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9.4 Run-on Sentences: Correcting Run-on Sentences

The first way to correct a run-on sentence is to separate the independent clauses into distinct sentences.
Run-on: This is not such an elegant playground, still, the kids love it.
Corrected: This is not such an elegant playground. Still, the kids love it.
To correct a run-on by this method, you need a period to mark the end of one sentence and a capital letter to mark the beginning of the next one.

pencil Application 2

A second method of correcting run-ons is to compound the independent clauses with a conjunction or a semicolon.

Run-on: That dog is the one that helped me he still scares me.
Corrected: That dog is the one that helped me, but he still scares me.

When you compound independent clauses, put a comma in front of the conjunction. Remember that a comma by itself is not enough. Review these conjunctions:

and | for | or | yet 
but | nor | so  
You may compound two clauses with a semicolon (;) in those rare cases where the clauses are so closely related that you don't need another word to show their relationship.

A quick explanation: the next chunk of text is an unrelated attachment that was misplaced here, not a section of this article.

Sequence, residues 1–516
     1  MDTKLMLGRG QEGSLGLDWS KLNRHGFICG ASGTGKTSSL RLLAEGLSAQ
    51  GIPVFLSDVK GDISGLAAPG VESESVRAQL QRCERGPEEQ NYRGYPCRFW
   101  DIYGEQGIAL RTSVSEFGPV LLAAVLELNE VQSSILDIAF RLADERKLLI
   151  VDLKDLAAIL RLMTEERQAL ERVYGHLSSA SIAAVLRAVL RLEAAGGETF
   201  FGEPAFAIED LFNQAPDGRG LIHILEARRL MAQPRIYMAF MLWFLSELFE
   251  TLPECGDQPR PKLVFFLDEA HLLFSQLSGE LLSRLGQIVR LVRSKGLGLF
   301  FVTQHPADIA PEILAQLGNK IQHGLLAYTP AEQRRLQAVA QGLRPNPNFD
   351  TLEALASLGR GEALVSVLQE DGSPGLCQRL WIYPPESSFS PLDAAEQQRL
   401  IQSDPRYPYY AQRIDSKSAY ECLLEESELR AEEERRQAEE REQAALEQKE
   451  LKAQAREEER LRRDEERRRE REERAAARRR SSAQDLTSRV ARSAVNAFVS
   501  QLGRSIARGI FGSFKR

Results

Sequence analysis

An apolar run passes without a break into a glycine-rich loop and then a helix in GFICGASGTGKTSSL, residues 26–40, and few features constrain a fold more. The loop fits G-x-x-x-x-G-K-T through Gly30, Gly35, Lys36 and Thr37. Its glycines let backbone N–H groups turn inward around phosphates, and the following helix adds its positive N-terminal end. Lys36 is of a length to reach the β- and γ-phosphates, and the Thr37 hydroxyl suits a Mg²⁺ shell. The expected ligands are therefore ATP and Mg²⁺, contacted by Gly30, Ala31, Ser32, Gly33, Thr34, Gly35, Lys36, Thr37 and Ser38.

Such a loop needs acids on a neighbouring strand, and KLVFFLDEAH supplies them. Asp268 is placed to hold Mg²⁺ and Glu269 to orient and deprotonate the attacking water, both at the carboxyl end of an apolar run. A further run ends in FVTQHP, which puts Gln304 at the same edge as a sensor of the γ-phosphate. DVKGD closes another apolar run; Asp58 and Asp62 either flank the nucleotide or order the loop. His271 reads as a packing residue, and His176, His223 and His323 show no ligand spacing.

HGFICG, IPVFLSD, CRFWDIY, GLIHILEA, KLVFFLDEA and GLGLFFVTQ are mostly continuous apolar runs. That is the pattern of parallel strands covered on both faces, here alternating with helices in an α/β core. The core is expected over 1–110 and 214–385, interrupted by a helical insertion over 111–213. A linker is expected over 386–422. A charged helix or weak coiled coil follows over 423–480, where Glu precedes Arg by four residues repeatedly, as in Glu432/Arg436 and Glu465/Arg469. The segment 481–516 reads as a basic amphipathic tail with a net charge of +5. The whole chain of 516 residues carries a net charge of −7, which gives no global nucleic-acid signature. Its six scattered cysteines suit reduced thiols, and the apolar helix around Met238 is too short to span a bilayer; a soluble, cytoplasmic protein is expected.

Run-on: By 7:30, it was too late the show had already begun.
Corrected: By 7:30, it was too late; the show had already begun.

pencil Application 3

A third method of correcting run-ons is to take away the independence of one of the clauses by adding a dependent word.
Run-on: I won't pay these bills, you explain them to me right now.
Corrected: I won't pay these bills unless
you explain them to me right away.
When you put a dependent word in front of one clause, you deprive it of its independence and allow it to become embedded in the other clause. (See Chapter 5.) The dependent words who, whose, which, and that are special. When one of these introduces a clause, it replaces a word in the process:
Run-on: This is Myrella's winning lottery ticket, she bought it at Corsetti's Market.
Corrected: This is Myrella's winning lottery ticket which she bought it at Corsetti's Market.
pencil Application 4

A final method of correcting run-on sentences is to reduce one independent clause to a verbal or verbal phrase.
Run-on: The icicles were melting they dripped into the bucket below.
Corrected, using a verbal: The melting icicles dripped into the bucket below.

Run-on: The sun was moving slowly to the south side of the house it thawed the roof gutters.
Corrected, using a verbal phrase: Moving slowly to the south side of the house, the sun thawed the roof gutters.

When you reduce a clause to a verbal or a verbal phrase, you can embed it in the remaining independent clause. (See Chapter 5.) This method doesn't work with all run-on sentences, but when it does, it packs the combined ideas efficiently into a small number of words.

pencil Application 5      

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